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Buddhadharma : Summer 2016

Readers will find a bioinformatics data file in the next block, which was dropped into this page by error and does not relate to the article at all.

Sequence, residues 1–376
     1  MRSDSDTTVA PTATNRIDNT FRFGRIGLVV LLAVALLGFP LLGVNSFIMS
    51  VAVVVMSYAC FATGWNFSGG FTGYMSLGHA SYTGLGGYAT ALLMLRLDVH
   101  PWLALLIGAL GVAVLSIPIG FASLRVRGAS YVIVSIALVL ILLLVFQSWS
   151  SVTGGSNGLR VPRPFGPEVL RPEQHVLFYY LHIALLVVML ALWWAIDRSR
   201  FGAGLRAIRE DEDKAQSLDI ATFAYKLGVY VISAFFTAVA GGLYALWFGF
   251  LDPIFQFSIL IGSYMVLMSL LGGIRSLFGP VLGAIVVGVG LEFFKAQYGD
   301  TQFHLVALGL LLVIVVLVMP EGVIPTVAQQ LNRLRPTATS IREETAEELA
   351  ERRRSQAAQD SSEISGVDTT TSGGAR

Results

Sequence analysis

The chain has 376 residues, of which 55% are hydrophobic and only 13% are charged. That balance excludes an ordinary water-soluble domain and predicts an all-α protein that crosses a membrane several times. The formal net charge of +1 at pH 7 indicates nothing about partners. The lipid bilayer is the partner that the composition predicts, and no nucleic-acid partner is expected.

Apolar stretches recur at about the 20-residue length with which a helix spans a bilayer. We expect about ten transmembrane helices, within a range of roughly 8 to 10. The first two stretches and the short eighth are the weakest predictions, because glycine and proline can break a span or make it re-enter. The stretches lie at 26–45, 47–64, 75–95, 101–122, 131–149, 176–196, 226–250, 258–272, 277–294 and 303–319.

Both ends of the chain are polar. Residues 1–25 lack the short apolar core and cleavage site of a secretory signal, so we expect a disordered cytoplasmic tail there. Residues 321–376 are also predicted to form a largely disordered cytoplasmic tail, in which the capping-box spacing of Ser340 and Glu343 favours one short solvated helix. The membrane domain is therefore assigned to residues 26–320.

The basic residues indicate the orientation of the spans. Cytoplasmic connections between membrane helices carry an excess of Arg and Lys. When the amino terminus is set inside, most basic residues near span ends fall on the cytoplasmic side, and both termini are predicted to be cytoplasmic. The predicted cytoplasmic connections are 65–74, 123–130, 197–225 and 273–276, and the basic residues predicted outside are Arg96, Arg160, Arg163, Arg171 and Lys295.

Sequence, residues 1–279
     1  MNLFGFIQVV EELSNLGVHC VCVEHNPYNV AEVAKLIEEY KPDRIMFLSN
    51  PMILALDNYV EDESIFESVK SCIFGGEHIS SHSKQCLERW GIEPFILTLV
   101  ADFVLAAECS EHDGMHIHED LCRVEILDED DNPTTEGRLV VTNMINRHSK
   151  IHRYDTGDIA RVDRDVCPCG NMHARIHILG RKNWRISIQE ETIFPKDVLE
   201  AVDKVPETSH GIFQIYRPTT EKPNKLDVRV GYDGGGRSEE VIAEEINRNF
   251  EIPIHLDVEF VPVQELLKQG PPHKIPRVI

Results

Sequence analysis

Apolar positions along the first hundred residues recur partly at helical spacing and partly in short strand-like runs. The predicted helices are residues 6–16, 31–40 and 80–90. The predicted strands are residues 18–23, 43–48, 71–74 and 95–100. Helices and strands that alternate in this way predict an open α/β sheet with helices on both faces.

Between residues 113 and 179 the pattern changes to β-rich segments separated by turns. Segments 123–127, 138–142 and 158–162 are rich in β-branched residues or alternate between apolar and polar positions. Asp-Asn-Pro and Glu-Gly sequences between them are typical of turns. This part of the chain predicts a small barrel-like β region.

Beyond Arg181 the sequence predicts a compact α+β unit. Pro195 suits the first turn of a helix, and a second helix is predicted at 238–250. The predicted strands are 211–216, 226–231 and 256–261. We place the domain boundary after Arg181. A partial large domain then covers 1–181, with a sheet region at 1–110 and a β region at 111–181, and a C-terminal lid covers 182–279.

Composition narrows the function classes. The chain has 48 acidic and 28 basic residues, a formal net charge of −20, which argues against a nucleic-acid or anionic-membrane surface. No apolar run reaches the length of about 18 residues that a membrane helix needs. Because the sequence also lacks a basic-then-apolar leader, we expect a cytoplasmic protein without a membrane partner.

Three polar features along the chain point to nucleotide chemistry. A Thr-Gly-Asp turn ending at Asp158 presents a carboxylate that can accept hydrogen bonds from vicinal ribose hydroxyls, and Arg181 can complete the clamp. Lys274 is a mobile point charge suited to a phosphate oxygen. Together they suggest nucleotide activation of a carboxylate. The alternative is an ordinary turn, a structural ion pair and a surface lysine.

summer 2 0 1 6 buddhadharma: the practitioner’s quarterly 53 offerings, and not meditating” fails to capture the complexity of these young adults’ Buddhist prac- tices. Indeed, all twenty-six interviewees had medi- tated before, though its salience to their Buddhist lives varied from “most important practice” to “on par with other practices” to “not at all important” (for Ratema, a Cambodian Buddhist, “meditation is different from the Buddhism I practice or my family practices”). Clearly, these young adults are not hewing to the “two Buddhisms” typology’s standard for Asian American Buddhists. What about matters of belief? I asked for responses to eighteen different state- ments about Buddhism and again heard a wide range of opinions. My interviewees debated whether meditation was necessary to achieve enlightenment and proposed different interpretations of rebirth. They questioned the absence of an eternal self/soul and whether Buddhas and bodhisattvas respond to prayers. Ironically, the closest thing to an ortho- doxic standard was the absence of a single stan- dard, as seen by strong opposition to the statement “I should convert other people to Buddhism.” The young adult Asian Americans I spoke to are both evidence and upholders of American Buddhism’s multivocality. This multivocality came as a huge relief to me. With my confusing mess of identities—1.5-genera- tion immigrant daughter of upwardly mobile Shang- hainese parents; fluent English speaker and far less fluent Mandarin learner; Chinese American inter- ested in a spectrum of Asian and Buddhist cultures; “convert” Buddhist (it was more a gradual immer- sion than sudden conversion) with strong atheist roots; (post-?)modern Westerner who prefers bow- ing and chanting to vipassana retreats and zazen, yet sometimes feels more at home in nature than any dharma center—I never seemed to meet the criteria for either of the “two Buddhisms” categories. The greatest gift my fellow young adult Asian American Buddhists have given me is the permission to stop straitjacketing myself into either category. “Asian American Buddhist”: a heterogeneous category that transgresses the boundaries of “two Buddhisms.” A category that forces us to question the dichotomies of immigrant/convert, modern/ traditional, devotional/rational, meditative/ritu- alistic, ethnic/white. A category that makes room for Alyssa, who values bowing, community ser- vice, offering donations, and meditation as equally important Buddhist practices. A category that sees no contradiction with Thomas understanding “hell realms” as psychological states while believing that bodhisattvas respond to prayers. A category full of alternatives to the normative story of American Buddhism. As Kaila, who attends both a Jodo Shin- shu church and her fiancé’s Khmer Buddhist temple, put it: “I would like to see Asian American Bud- dhists represented, as we are: diverse.” Invisible to the Mainstream and to Each Other “What are the best-known types of Buddhism or Buddhist organizations in America?” I asked this question at the East Bay Meditation Center to fel- low participants of the Buddhist Peace Fellowship (BPF) 2014 Summer Gathering. Of the thirty-two people who came to my workshop about Asian American Buddhists, more than a dozen identified as Asian American and/or people of color. After twenty-six in-person interviews, an additional round of sixty-two email interviews, and count- less informal conversations with and about Asian American Buddhists, I was beginning to expect a common set of responses: Zen, Tibetan, Theravada/ vipassana/mindfulness. No one mentioned Jodo Shinshu (Shin) Bud- dhism, one of the earliest forms of Buddhism in America. From the time Shin Buddhism put down institutional roots on the West Coast in the late 1800s, it began to confront the challenges of adapt- ing to a Christian-dominated society. By 1910, the Buddhist Mission of North America (BMNA) had switched from a lunar calendar system to weekly